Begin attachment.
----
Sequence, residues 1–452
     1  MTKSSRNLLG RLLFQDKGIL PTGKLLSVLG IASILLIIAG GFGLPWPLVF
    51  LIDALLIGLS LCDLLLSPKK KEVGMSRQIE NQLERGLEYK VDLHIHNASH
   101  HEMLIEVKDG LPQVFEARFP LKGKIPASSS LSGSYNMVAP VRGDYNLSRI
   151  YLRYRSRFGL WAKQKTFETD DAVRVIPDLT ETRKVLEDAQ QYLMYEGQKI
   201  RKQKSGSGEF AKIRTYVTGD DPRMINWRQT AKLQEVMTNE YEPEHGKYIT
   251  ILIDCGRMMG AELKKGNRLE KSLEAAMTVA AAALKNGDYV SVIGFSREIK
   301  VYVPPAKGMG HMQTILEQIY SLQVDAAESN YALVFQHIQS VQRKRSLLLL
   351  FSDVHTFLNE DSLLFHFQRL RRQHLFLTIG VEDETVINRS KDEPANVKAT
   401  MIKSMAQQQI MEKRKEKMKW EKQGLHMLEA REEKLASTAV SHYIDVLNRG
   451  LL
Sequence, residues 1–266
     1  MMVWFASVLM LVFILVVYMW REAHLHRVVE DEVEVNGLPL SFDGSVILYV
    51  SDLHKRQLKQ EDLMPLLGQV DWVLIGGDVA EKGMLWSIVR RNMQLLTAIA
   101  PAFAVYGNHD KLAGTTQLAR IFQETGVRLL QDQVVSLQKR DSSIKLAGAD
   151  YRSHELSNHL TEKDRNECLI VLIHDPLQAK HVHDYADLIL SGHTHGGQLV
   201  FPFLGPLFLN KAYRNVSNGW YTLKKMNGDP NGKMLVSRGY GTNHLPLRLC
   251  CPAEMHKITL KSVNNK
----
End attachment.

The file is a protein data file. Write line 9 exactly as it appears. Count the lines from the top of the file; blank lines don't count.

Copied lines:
   351  FSDVHTFLNE DSLLFHFQRL RRQHLFLTIG VEDETVINRS KDEPANVKAT